Pacific Stories 2011

We are pleased to announce that the Pacific Stories DVD has been released.

Purchase the Pacific Stories DVD online through the Multicultural Arts Victoria website:  CLICK HERE FOR THE LINK

There are 8 short films by 8 talented filmmakers from Pacific Islander backgrounds – approximately 45 minutes worth of Pasifika films to enjoy (click here for more info about the films). Also included on the DVD is a slideshow of production photos. We had an amazing time making these films and it is an honor to be able to share these stories with you now!

It’s about time you met the Pacific Stories filmmakers (writer, directors, editors) – the people that have made this project so great by generously sharing their stories through film (in order of screening program):

This is My Culture
by Ranu James (Motu Kekeni/Papua New Guinean/ Australian)
This film was adapted from a poem I wrote in response to a statement that I often hear from teachers which is: “We treat everyone the same.” I wanted to explain that culture is something intrinsically linked to who we are, it cannot be separated from someone and to treat everyone the same is to deny our uniqueness.

Fehuluni
by Leilani Gibson
(Tonga/ Palangi)
This film speaks of the spiritual world and discusses the traditional story of a beautiful Tongan woman, Fehuluni, as told through the eyes of artist and curator Loketi Niua Latu. It explores the intersection of traditional cultural stories and contemporary art.

Kome Kalana – My Bubu
by Wari Kome (Papua New Guinean)
Warrie is a young Papua New Guinean man who grew up in a small village on the central coast of PNG. This is a very personal portrayal of his Bubu’s story and how it’s connected to his story. Kome Kalana is an honest and raw narrative about his grandmother and how her unique culture shaped him and allowed him the freedom to discover and to be the man that his is today – now creating his own culture and identity.

Upi Mop Le – The Last Fish
by John Harvey (Torres Strait Islander – Saibai Island & English descent)
Torres Strait Islander artist Ricardo Idagi talks about how his new turtle shell mask is an expression of himself. This film explores how Ricardo, as a Torres Strait Islander artist living so far away from his homeland of Murray Island, maintains a sense of connection with ‘home’ through his artwork.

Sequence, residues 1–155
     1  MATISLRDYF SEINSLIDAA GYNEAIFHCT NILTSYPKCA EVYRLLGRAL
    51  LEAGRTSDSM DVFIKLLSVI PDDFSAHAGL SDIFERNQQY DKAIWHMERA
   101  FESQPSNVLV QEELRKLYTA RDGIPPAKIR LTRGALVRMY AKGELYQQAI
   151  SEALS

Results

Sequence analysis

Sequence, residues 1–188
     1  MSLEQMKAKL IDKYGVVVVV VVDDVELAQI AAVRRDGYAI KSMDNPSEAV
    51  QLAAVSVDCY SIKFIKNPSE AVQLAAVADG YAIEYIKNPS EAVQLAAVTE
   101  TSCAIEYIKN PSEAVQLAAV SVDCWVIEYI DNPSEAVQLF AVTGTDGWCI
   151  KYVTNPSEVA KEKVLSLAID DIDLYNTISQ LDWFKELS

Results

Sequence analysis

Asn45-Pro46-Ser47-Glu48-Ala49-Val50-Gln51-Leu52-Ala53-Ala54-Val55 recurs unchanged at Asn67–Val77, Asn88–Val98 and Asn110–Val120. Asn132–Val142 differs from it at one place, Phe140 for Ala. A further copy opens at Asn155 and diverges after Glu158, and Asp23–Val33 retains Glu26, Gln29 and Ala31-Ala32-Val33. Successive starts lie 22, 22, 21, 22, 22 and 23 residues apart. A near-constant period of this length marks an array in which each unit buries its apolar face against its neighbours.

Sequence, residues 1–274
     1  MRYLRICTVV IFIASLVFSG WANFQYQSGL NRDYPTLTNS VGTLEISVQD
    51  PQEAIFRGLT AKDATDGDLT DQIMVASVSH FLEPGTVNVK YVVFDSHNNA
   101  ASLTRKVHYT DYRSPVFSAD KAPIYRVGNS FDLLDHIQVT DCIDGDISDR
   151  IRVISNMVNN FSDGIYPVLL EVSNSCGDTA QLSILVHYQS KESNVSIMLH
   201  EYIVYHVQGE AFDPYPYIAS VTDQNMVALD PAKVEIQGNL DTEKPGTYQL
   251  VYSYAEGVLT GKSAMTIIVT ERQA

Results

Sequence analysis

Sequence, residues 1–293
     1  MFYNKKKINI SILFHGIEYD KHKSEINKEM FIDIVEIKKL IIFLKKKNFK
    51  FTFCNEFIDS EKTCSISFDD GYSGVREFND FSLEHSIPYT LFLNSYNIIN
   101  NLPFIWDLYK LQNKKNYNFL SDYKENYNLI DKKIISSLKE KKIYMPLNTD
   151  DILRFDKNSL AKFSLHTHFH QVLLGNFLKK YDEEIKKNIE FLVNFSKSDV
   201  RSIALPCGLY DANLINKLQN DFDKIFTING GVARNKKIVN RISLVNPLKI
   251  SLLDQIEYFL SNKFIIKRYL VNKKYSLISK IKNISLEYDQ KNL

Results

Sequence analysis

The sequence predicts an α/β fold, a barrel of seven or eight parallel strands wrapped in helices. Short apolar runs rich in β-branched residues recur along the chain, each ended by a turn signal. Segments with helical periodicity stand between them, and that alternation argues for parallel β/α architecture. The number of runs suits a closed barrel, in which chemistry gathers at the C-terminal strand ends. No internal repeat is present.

Coconut 
by Pauline Vetuna (Papua New Guinean)
A young woman talks to her Papua New Guinean mother about her parents’ decision to raise her without their indigenous language or culture.

Reva Reva
by Paia Juste-Constant (Motu Kekeni/Papua New Guinean/ Australian)
Reva Reva speaks of my connection to my grandmothers and their full body tattoos. This beautiful canvas is far greater than a staining of the skin, more than a pattern of ink.

Pacific Women’s Weaving Circle
by Lisa Hilli (Papua New Guinean/ Australian)
Love, laughter, excitement and a passion for tradition and contemporary Pacific weaving. It’s a document of what happens when Pacific Islander women get together to weave.

From One to Another
by Venina Kaloumaira (Fijian/ Hungarian)
This film is an exploration of the continuation of cultural connection and belonging to Fiji, through the passing down of knowledge from father to son whilst living in Australia. It unearths a sweet and unexpected tale of not only their relationship with one another, but a revelation of the strength of their identity as first and second generation Fijians, living in Australia.

Pacific Stories films are produced by Amie Batalibasi and Lia Pa’apa’a.

The Pacific Stories Crew at the Premiere in Melbourne. Photo by Anne Harkin from MAV.

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